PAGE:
You may have gotten a glimpse of the Watt brothers’ northern retreat, in which J.J. Watt, Derek Watt, and T.J. Watt can be seen—on social media—pushing each other to both their physical and nervous wits, training together while also being brothers, which is to say annoying the crap out of each other.
The latter two, now members of the Pittsburgh Steelers, are joined by two thirds of another NFL sibling triumvirate in the Edmunds family, the progeny of former Miami Dolphins Pro Bowl tight end Ferrell Edmunds, whose eldest son is his namesake, though he goes by Trey Edmunds.
The eldest, Trey, was brought into Pittsburgh as a practice squad addition after the Steelers drafted his younger brother, Terrell Edmunds, in the first round in 2018. That same year, earlier in the round, the Buffalo Bills selected the youngest, Tremaine Edmunds, who is now a Pro Bowl linebacker.
Like the Watts, the Edmundses are all at home together, training. But don’t be fooled about who’s running the show. It surely isn’t the boys. And it’s not father Ferrell. No, it’s their mom, Felecia, who has been putting them through their paces and demanding their all since they were little.
The physical and mental conditioning that was instilled in them since a young age prepared them for their athletic careers, which is now making them good money, to say the least. One thing you’ll never have to worry about with them is a lack of conditioning, and at least so far, any type of nagging, chronic injuries.
Terrell’s conditioning level was one of the things that the Steelers were really attracted to when he came out, and it helped him become a full-time starter as a rookie, even if that wasn’t the plan. In spite of being an every-down player on defense, he was also a starter on special teams in 2018.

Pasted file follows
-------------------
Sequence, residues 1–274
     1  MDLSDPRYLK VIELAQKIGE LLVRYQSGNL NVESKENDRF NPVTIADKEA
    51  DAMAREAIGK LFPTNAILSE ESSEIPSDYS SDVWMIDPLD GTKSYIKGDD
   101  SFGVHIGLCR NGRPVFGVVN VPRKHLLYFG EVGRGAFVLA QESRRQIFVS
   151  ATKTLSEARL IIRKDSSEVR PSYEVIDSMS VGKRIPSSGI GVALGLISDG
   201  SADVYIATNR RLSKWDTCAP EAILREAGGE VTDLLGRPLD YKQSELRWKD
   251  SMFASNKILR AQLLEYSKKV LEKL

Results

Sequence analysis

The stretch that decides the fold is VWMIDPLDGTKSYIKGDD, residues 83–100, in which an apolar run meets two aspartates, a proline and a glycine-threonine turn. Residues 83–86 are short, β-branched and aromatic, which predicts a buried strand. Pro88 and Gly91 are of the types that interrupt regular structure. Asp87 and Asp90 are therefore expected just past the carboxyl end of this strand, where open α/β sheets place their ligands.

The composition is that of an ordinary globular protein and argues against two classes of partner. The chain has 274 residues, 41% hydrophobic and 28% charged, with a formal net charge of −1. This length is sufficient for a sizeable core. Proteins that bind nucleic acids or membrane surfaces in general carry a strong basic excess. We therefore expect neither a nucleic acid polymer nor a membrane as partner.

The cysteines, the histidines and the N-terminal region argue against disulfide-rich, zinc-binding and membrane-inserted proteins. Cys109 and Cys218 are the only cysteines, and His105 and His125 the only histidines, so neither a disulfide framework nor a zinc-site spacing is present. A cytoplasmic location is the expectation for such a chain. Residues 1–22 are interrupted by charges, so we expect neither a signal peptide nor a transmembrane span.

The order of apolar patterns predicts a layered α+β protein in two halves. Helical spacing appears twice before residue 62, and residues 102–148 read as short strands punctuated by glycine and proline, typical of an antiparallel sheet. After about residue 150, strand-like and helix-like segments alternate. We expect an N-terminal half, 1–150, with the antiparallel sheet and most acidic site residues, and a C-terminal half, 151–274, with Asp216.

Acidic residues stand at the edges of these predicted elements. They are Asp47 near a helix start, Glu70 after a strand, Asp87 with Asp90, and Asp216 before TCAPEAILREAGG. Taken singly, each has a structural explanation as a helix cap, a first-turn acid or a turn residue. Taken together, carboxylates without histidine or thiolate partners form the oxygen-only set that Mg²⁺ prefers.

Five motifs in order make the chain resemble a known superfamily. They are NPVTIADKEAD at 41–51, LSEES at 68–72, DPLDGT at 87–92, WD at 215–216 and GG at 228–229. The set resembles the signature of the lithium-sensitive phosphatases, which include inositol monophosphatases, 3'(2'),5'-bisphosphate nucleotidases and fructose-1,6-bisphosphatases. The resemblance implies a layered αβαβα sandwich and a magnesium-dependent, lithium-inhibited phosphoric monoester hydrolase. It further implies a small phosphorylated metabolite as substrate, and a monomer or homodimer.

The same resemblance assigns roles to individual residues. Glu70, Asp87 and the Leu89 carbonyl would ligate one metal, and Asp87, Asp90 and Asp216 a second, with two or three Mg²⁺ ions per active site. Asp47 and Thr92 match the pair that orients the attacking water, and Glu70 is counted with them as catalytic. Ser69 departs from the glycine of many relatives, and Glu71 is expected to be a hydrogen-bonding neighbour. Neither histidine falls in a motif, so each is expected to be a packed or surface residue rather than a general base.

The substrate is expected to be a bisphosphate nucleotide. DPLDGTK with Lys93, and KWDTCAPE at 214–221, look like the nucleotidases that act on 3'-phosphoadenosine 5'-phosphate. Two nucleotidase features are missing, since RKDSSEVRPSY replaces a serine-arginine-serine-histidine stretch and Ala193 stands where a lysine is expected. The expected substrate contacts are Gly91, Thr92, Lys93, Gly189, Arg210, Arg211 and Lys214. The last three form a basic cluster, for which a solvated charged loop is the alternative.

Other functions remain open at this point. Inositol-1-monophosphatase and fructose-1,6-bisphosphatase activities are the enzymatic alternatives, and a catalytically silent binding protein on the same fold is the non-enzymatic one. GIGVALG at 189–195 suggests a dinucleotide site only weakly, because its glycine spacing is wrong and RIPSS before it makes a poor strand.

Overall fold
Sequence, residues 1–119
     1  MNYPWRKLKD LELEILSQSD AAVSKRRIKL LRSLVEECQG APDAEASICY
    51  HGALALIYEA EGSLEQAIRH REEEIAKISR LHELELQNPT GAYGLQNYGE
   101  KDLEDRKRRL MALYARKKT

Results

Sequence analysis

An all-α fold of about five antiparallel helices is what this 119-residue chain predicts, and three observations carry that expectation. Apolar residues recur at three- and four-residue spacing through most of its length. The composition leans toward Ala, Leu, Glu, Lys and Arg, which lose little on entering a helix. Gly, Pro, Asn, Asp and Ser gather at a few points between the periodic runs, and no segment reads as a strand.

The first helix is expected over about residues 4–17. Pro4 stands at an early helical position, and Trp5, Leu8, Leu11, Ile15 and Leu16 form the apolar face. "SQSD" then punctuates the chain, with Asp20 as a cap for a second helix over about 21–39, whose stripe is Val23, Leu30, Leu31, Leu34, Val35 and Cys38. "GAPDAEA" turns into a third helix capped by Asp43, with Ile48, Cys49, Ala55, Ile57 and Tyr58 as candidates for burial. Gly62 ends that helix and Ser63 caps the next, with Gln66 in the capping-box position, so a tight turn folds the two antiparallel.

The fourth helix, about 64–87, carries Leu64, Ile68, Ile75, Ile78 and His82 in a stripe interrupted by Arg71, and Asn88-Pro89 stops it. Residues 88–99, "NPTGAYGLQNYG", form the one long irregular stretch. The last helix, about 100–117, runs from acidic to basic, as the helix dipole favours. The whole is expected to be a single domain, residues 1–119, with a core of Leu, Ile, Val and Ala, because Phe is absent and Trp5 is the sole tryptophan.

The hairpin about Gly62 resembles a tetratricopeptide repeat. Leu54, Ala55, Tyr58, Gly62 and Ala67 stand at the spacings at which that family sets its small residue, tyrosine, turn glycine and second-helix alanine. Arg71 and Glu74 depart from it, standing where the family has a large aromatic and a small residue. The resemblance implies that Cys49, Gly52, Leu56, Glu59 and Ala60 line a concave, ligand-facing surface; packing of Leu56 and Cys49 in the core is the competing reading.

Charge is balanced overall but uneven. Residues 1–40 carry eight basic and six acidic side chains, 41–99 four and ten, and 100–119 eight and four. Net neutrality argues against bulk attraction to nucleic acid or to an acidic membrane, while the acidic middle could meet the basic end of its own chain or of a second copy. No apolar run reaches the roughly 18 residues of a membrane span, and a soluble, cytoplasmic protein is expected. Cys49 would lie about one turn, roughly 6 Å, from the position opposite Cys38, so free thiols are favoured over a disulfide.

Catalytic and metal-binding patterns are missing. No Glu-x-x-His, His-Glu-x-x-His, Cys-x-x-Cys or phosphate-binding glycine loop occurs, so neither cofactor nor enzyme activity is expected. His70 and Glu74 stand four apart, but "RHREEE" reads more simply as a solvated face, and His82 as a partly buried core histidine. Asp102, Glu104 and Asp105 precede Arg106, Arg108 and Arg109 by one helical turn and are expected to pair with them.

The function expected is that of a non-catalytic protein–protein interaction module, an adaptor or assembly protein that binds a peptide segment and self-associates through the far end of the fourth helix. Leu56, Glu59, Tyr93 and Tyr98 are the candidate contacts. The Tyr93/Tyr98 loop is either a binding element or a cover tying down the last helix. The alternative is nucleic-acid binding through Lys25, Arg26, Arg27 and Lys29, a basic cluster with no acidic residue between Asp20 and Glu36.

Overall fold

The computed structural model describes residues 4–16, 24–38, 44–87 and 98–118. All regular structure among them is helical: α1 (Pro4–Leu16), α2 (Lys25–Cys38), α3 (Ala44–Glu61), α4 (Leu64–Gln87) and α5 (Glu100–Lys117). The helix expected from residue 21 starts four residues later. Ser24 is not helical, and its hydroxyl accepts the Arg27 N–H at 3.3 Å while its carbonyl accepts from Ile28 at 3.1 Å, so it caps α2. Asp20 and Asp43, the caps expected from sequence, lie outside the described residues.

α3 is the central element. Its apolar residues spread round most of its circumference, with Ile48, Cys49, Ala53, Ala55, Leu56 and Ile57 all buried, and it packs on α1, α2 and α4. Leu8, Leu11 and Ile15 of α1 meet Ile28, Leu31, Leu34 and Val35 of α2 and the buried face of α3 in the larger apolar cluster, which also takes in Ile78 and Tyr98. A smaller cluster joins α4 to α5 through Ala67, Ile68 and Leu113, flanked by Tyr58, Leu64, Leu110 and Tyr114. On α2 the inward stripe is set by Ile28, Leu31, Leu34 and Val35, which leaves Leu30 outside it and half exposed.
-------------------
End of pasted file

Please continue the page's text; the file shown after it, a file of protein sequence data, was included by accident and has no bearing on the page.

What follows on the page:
Mike Tomlin has two years of first-hand experience watching him work. That’s why he asked him if he would be willing to host a fitness class for the Urban Academy of Greater Pittsburgh, which is a program that is close to his head coach’s heart, putting in a 45-minute program.
Perhaps these family gatherings might be the norm even under normal circumstances, but as should go without saying, we are not living through normal circumstances right now. We are in the middle of a viral pandemic that has much of the country sheltering in place.
It may even be something that will threaten the existence of a football season later this year, at least without bring significantly altered. One proposition that has come up has been the idea of playing in one central location, with all players isolated in hotels for the duration of the season.
That’s a lot to ask of people, but Terell said he would be up to it. “I would be willing”, he told Aditi Kinkabwala. “I don’t think it’s anyone’s preference to live in a hotel for three months, but if that’s the safest route, hopefully everyone’s going to make the right decision”.